Non-emergency patient transport: what are the quality and safety issues? A systematic review

Isla M. Hains, Anne Marks, Andrew Georgiou, Johanna I. Westbrook

Research output: Contribution to journalReview articleResearchpeer-review

Abstract

Patient transportation is an important component of health-care delivery; however, the quality and safety issues relating to non-emergency patient transport services have rarely been discussed compared with the transport of emergency patients. This systematic review examines the factors associated with the quality and safety of non-emergency transport services. Medline, Pre-Medline, CINAHL and Embase databases were searched for publications between 1990 and September 2009. Articles investigating non-emergency hospital transport services. Study characteristic and outcome data were abstracted by one author and reviewed by a second and third author. Twelve articles from seven countries were included. Five studies examined issues relating to the structure of transport services, which focused on the use of policies and protocols to assist the transfer process. All studies addressed factors associated with the transfer process such as communication, appropriateness of personnel, time to arrange transfers, and the safety and efficiency of the process. Outcomes were measured in one study. Communication, efficiency and appropriateness are key factors that are advanced as impacting on the quality and safety of non-emergency transport services. Standardization of the non-emergency transport process shows promise in reducing risk and increasing efficiency. Applying information and communication technology to improve the quality of transport services has received little attention despite its potential benefits. Patient outcomes in relation to quality and safety of transport services are rarely measured. Available evidence suggests that safety of non-emergency patient transfers is sometimes compromised due to poor standardization and failures in communication processes.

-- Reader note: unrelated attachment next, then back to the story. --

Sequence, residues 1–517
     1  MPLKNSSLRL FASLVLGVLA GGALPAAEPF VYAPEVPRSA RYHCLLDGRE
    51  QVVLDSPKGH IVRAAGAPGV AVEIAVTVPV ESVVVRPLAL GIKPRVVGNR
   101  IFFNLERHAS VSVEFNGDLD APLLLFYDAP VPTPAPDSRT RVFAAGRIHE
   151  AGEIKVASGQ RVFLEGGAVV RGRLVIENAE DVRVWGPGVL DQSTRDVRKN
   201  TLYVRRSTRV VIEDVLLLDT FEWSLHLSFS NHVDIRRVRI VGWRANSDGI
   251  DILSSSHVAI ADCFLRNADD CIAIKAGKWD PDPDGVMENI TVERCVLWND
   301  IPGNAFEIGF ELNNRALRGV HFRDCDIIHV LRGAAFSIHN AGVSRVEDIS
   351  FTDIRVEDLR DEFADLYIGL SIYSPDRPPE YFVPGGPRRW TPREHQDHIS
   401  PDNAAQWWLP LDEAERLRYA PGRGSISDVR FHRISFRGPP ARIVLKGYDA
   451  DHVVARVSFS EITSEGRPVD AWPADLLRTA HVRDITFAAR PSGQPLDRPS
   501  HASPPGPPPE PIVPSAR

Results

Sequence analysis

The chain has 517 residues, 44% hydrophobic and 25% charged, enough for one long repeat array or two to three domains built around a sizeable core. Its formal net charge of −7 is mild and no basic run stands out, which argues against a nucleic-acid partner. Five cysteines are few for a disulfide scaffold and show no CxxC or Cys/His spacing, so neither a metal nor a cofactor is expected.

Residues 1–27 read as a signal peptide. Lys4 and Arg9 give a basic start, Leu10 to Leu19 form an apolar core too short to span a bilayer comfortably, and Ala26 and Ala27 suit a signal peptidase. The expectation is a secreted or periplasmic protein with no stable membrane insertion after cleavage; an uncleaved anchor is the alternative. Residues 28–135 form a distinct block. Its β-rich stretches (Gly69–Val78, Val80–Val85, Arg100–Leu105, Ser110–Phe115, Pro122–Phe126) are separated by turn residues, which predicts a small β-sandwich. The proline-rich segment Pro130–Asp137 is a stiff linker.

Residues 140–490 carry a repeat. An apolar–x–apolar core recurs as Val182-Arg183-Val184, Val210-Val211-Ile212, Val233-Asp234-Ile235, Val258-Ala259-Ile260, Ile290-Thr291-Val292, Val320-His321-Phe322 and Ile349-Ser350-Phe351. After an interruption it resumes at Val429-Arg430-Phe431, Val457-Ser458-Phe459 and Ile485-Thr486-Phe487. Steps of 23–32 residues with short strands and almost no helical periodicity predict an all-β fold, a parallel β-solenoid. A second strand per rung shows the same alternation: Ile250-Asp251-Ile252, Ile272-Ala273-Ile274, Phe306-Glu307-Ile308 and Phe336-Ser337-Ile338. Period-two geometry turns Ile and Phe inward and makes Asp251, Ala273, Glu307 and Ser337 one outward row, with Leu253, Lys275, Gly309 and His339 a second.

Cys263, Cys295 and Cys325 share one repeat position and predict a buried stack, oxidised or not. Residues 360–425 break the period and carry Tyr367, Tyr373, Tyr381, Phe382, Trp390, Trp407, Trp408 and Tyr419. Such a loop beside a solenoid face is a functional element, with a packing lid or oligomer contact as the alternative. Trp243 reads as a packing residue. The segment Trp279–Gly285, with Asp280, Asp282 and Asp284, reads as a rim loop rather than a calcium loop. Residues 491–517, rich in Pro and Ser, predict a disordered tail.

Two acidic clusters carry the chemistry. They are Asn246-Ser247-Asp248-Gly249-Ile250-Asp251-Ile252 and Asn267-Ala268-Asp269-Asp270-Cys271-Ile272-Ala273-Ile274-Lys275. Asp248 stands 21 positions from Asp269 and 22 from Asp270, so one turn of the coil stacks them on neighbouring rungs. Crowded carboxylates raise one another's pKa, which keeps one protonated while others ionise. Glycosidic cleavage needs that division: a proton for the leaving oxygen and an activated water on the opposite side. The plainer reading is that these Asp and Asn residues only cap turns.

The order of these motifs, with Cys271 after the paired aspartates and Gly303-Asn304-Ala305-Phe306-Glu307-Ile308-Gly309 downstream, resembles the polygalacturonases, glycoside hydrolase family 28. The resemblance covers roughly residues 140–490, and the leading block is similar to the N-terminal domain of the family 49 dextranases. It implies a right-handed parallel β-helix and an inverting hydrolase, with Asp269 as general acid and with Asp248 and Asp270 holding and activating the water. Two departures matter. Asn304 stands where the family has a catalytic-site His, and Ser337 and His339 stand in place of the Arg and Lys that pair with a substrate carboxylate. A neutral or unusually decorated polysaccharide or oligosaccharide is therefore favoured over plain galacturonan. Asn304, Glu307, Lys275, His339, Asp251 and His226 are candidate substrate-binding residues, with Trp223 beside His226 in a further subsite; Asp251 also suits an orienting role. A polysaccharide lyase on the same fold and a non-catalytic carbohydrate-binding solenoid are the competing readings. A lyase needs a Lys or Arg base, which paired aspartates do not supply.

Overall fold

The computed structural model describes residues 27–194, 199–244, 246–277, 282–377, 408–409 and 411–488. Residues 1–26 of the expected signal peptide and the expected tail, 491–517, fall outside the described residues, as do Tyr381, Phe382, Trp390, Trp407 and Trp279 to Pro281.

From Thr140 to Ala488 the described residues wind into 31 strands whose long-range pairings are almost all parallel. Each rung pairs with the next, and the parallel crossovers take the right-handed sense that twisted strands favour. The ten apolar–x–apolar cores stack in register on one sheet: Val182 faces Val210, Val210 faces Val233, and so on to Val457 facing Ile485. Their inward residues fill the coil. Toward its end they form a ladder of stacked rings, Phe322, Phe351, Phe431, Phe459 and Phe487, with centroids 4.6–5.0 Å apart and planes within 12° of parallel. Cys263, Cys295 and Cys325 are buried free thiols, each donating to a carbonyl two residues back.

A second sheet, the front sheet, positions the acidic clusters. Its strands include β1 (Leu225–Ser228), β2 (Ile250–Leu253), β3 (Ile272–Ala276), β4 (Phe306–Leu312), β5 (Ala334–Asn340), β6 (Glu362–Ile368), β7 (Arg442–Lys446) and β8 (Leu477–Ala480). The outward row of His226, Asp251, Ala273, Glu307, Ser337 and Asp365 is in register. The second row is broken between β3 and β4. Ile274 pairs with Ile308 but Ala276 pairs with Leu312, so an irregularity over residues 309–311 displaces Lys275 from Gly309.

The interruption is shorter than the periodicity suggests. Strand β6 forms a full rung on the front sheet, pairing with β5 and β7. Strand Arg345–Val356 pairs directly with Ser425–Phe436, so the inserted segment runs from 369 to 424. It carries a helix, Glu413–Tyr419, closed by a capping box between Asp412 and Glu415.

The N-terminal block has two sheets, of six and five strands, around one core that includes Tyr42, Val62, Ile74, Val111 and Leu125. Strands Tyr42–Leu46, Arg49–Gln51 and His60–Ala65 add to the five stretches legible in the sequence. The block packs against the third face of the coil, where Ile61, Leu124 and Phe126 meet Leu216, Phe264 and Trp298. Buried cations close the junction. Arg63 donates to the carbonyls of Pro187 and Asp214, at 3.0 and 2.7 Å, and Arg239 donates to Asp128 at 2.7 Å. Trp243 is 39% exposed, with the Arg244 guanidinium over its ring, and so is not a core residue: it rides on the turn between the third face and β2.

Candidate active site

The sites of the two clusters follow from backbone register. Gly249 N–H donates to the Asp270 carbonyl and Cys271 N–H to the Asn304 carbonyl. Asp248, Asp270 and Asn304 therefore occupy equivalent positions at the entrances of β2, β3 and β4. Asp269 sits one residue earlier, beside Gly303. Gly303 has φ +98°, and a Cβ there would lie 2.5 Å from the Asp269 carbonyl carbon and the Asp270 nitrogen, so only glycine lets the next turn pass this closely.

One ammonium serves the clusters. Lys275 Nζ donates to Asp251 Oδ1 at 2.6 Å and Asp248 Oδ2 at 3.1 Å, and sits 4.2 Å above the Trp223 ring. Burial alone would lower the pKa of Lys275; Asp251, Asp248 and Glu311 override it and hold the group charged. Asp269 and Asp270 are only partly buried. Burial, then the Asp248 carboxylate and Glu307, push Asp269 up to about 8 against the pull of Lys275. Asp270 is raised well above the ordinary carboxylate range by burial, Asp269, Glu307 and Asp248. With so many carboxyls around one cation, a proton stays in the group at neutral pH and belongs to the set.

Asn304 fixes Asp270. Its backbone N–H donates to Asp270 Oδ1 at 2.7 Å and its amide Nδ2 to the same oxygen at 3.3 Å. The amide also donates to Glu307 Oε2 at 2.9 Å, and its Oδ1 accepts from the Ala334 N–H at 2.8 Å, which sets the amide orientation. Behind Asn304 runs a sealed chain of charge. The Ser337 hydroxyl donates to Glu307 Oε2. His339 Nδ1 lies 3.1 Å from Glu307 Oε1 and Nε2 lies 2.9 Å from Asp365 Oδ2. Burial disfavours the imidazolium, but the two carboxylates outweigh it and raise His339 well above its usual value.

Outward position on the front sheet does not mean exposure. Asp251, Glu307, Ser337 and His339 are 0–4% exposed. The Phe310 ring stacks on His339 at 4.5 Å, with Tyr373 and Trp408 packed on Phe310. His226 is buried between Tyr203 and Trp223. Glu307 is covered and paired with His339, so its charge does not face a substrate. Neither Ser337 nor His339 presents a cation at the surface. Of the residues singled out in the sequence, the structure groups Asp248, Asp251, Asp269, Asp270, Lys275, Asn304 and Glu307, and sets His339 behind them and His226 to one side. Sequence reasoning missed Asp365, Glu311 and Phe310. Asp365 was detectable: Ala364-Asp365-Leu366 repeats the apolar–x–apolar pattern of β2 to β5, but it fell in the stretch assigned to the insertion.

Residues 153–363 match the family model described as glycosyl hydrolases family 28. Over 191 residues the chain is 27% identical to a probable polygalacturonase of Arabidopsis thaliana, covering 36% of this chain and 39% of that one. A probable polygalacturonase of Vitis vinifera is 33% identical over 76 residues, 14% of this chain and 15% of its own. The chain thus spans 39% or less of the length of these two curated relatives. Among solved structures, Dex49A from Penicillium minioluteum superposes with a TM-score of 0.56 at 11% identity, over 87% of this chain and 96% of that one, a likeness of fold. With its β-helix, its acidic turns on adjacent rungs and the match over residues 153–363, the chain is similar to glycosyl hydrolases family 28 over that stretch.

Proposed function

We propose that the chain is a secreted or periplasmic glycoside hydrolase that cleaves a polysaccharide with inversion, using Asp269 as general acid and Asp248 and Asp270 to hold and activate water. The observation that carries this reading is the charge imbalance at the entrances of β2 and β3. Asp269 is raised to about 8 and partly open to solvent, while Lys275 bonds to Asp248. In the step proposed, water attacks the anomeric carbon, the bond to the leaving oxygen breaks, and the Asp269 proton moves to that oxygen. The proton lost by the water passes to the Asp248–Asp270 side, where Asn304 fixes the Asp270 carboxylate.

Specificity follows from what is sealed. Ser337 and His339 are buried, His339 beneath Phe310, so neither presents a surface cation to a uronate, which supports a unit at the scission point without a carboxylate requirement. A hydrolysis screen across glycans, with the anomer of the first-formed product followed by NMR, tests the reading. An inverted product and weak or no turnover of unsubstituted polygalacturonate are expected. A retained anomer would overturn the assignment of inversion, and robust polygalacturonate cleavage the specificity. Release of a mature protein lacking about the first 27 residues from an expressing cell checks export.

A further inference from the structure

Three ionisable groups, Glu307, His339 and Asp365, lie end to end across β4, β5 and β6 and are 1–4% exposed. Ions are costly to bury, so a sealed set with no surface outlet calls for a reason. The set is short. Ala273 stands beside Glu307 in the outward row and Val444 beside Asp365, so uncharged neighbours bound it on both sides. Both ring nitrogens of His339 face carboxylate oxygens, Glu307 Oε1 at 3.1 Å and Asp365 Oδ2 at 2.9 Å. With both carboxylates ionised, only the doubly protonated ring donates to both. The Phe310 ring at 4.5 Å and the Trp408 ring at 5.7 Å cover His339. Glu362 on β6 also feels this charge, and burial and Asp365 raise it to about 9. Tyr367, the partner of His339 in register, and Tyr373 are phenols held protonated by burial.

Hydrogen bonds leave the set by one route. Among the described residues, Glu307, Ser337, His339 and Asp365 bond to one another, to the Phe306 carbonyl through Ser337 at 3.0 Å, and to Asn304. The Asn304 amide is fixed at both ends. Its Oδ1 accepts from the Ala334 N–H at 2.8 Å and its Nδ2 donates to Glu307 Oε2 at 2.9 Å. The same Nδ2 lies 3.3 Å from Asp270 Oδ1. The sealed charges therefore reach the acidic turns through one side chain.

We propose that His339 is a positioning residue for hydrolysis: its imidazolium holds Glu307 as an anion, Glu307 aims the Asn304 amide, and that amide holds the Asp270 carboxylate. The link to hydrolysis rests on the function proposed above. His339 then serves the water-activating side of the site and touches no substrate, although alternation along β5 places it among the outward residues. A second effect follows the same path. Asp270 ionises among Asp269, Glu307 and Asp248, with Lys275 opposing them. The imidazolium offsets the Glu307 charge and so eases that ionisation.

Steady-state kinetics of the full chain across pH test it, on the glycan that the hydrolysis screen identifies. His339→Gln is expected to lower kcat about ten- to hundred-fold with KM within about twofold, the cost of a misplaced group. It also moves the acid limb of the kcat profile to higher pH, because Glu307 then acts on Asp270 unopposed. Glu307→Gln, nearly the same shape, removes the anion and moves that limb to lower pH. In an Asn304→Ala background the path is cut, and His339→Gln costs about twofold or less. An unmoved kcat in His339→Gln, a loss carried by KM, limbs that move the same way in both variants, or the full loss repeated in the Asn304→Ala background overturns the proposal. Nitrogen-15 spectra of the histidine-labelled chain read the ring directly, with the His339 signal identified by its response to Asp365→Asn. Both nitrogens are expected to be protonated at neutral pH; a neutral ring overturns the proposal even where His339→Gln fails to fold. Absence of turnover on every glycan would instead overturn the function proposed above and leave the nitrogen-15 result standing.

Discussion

LanguageEnglish
Pages68-75
Number of pages8
JournalInternational journal for quality in health care : journal of the International Society for Quality in Health Care / ISQua
Volume23
Issue number1
Publication statusPublished - Feb 2011

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Safety
Communication
Transportation of Patients
Patient Transfer
Publications
Emergencies
Outcome Assessment (Health Care)
Databases
Technology
Delivery of Health Care

Cite this

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abstract = "Patient transportation is an important component of health-care delivery; however, the quality and safety issues relating to non-emergency patient transport services have rarely been discussed compared with the transport of emergency patients. This systematic review examines the factors associated with the quality and safety of non-emergency transport services. Medline, Pre-Medline, CINAHL and Embase databases were searched for publications between 1990 and September 2009. Articles investigating non-emergency hospital transport services. Study characteristic and outcome data were abstracted by one author and reviewed by a second and third author. Twelve articles from seven countries were included. Five studies examined issues relating to the structure of transport services, which focused on the use of policies and protocols to assist the transfer process. All studies addressed factors associated with the transfer process such as communication, appropriateness of personnel, time to arrange transfers, and the safety and efficiency of the process. Outcomes were measured in one study. Communication, efficiency and appropriateness are key factors that are advanced as impacting on the quality and safety of non-emergency transport services. Standardization of the non-emergency transport process shows promise in reducing risk and increasing efficiency. Applying information and communication technology to improve the quality of transport services has received little attention despite its potential benefits. Patient outcomes in relation to quality and safety of transport services are rarely measured. Available evidence suggests that safety of non-emergency patient transfers is sometimes compromised due to poor standardization and failures in communication processes.",
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